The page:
Date of Award:

1987

Document Type:

Thesis

Degree Name:

Master of Science (MS)

Department:

Family, Consumer, and Human Development

Advisor/Chair:

Jay D. Schvaneveldt

Abstract

The overall purpose of this study was to assess family patterns in regard to food practices and family rituals that occur in all families. Specifically, four major purposes were considered in this study: (a) to learn more about generational food practices and how they are passed from one generation to the next, (b) to analyze demographic factors in relation to food related practices, (c) to understand the role of family ritual in family food practices, and (d) to learn how family food practices impact the dietary patterns for society at large.

The data were obtained in February am March of 1986 from Idaho state University students via an 11-page questionnaire. The sample included 20 Young married couples with a child at least two years of age and both sets of their parents. Information was gathered from the grandparent generation by asking questions of the parent generation considering their home of origin.

The major findings of this study were:

1. Parental example was the largest factor in food habits, with mothers having the greatest impact between the parents. When considering special eating styles and settings, mothers were more likely to pass information across generations than fathers. Mothers have been, and are still, the major menu planners and meal preparers; but fathers I influence on food habits has increased over time, especially when considering what is served to the family. Mothers desire more fixed meal scheduling than fathers or other family members.

2. The average time spent at meals has decreased over time, and saying grace at meals has increased across time.

3. The second generation was the most influential generation in celebrating holidays with special eating styles and patterns.

4. Televisions and microwave ovens are having a major impact on families over time. With increased ownership of microwaves, there is an increase of snacking instead of having regular meals. Television viewing at meal time has increased dramatically over time. A major implication of this study is to provide food and nutrition educational programs that teach all family members the central concepts that can be applied in the changing daily eating practices.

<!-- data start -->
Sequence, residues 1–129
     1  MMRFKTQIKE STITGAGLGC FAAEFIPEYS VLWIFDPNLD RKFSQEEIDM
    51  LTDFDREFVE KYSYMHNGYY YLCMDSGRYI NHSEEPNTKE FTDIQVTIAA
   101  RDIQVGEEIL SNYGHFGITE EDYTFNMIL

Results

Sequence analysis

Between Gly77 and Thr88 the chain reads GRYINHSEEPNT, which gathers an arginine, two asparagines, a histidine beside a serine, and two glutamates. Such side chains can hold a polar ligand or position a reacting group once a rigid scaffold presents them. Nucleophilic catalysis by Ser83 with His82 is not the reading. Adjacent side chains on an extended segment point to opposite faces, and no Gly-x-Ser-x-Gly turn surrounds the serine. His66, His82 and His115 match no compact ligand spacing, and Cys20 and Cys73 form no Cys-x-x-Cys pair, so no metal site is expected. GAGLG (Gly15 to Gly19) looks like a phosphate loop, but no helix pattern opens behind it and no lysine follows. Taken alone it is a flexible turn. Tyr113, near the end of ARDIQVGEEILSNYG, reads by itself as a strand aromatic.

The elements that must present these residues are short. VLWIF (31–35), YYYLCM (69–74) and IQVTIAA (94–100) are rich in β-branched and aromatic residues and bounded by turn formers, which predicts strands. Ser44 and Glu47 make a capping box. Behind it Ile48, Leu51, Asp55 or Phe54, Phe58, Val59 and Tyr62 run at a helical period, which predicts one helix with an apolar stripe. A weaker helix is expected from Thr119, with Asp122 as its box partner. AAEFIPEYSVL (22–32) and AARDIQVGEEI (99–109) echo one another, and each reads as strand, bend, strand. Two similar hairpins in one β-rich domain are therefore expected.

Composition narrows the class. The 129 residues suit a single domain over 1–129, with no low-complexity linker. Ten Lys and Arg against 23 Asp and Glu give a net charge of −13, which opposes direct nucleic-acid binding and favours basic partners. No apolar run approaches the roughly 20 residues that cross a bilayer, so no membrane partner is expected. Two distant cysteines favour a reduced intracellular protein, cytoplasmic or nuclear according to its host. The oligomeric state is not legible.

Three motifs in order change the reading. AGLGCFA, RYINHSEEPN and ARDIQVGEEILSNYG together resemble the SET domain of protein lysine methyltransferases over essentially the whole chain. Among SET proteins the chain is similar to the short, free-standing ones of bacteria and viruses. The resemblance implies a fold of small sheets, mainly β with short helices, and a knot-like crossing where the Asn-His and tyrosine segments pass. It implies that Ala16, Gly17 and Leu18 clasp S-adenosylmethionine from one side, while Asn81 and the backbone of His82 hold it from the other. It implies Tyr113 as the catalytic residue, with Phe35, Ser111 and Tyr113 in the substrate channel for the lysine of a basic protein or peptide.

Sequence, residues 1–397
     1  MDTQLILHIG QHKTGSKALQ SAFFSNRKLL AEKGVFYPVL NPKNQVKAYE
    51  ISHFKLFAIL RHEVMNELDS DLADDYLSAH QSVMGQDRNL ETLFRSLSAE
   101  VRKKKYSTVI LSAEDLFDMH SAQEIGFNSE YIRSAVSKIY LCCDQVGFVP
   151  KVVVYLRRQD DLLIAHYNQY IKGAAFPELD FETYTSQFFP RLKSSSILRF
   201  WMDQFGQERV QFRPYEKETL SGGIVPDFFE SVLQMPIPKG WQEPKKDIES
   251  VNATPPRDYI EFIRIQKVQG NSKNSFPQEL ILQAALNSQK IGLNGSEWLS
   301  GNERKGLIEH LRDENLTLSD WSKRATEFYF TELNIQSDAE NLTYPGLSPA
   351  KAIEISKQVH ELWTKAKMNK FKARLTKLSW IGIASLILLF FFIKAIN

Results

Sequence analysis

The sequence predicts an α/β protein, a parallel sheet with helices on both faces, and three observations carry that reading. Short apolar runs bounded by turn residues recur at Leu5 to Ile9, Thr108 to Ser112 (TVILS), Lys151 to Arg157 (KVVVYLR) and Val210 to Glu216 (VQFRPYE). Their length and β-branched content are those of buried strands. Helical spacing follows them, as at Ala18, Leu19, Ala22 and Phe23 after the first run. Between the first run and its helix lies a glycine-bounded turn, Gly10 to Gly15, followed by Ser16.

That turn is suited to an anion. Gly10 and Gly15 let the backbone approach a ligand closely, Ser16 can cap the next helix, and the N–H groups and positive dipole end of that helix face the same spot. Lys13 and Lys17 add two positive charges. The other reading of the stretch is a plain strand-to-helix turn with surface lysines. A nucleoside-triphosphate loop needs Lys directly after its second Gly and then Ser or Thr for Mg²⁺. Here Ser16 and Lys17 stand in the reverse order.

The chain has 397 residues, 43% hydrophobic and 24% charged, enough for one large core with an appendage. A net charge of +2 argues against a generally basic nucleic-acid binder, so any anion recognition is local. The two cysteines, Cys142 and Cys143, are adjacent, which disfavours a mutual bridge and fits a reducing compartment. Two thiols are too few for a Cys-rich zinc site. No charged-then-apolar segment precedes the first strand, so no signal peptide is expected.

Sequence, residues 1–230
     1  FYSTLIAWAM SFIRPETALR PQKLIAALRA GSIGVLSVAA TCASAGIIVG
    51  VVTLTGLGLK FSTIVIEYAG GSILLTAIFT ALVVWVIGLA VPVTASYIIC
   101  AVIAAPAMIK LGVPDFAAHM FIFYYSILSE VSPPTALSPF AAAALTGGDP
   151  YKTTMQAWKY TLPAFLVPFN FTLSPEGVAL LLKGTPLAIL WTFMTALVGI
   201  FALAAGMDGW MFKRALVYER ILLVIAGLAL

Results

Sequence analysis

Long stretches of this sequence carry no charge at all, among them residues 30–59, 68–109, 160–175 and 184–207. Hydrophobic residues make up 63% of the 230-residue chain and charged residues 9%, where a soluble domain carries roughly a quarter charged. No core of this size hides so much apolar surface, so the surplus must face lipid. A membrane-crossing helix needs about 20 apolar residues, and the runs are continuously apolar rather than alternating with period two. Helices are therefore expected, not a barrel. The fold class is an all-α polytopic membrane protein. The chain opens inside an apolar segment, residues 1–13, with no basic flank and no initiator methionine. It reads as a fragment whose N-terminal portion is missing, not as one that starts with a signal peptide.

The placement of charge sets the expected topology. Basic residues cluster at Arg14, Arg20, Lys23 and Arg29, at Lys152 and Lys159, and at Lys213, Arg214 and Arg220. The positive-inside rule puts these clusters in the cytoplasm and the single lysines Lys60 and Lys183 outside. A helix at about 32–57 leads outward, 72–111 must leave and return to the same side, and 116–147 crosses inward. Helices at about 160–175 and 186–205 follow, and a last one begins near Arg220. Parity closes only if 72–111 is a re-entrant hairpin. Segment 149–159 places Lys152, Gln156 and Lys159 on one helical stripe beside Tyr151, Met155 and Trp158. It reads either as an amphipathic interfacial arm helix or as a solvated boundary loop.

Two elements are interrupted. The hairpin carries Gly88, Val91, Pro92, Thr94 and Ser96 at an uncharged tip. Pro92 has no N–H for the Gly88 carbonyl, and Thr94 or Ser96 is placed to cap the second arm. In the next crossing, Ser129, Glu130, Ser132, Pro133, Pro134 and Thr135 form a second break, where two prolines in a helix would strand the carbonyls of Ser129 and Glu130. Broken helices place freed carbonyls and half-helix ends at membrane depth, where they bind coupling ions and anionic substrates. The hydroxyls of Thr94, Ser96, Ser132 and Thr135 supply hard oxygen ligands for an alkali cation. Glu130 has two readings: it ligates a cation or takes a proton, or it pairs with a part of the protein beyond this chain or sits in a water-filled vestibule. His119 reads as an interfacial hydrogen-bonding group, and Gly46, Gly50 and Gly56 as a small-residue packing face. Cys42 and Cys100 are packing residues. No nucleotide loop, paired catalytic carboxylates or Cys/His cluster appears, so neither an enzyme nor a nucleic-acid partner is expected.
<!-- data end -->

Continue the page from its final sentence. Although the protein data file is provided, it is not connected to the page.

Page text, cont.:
Comments

The overall purpose of this study was to assess family patterns in regard to food practices and family rituals that occur in all families. Specifically, four major purposes were considered in this study: (a) to learn more about generational food practices and how they are passed from one generation to the next, (b) to analyze demographic factors in relation to food related practices, (c) to understand the role of family ritual in family food practices, and (d) to learn how family food practices impact the dietary patterns for society at large.

The data were obtained in February am March of 1986 from Idaho state University students via an 11-page questionnaire. The sample included 20 Young married couples with a child at least two years of age and both sets of their parents. Information was gathered from the grandparent generation by asking questions of the parent generation considering their home of origin.

The major findings of this study were:

1. Parental example was the largest factor in food habits, with mothers having the greatest impact between the parents. When considering special eating styles and settings, mothers were more likely to pass information across generations than fathers. Mothers have been, and are still, the major menu planners and meal preparers; but fathers I influence on food habits has increased over time, especially when considering what is served to the family. Mothers desire more fixed meal scheduling than fathers or other family members.

2. The average time spent at meals has decreased over time, and saying grace at meals has increased across time.

3. The second generation was the most influential generation in celebrating holidays with special eating styles and patterns.

4. Televisions and microwave ovens are having a major impact on families over time. With increased ownership of microwaves, there is an increase of snacking instead of having regular meals. Television viewing at meal time has increased dramatically over time. A major implication of this study is to provide food and nutrition educational programs that teach all family members the central concepts that can be applied in the changing daily eating practices.

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